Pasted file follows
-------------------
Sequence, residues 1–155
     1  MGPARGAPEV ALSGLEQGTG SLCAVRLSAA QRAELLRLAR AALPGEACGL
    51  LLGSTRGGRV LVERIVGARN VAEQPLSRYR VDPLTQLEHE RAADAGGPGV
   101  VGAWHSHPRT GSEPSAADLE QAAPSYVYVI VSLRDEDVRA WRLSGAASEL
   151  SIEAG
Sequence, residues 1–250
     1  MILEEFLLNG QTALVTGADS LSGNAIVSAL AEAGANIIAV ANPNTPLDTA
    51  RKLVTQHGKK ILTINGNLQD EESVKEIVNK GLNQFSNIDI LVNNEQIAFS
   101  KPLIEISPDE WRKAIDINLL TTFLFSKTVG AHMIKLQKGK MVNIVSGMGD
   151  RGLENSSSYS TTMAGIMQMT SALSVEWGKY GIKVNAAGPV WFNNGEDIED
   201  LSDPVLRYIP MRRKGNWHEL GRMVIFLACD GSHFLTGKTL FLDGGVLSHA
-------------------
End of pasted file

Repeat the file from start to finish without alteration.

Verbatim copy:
Sequence, residues 1–155
     1  MGPARGAPEV ALSGLEQGTG SLCAVRLSAA QRAELLRLAR AALPGEACGL
    51  LLGSTRGGRV LVERIVGARN VAEQPLSRYR VDPLTQLEHE RAADAGGPGV
   101  VGAWHSHPRT GSEPSAADLE QAAPSYVYVI VSLRDEDVRA WRLSGAASEL
   151  SIEAG
Sequence, residues 1–250
     1  MILEEFLLNG QTALVTGADS LSGNAIVSAL AEAGANIIAV ANPNTPLDTA
    51  RKLVTQHGKK ILTINGNLQD EESVKEIVNK GLNQFSNIDI LVNNEQIAFS
   101  KPLIEISPDE WRKAIDINLL TTFLFSKTVG AHMIKLQKGK MVNIVSGMGD
   151  RGLENSSSYS TTMAGIMQMT SALSVEWGKY GIKVNAAGPV WFNNGEDIED
   201  LSDPVLRYIP MRRKGNWHEL GRMVIFLACD GSHFLTGKTL FLDGGVLSHA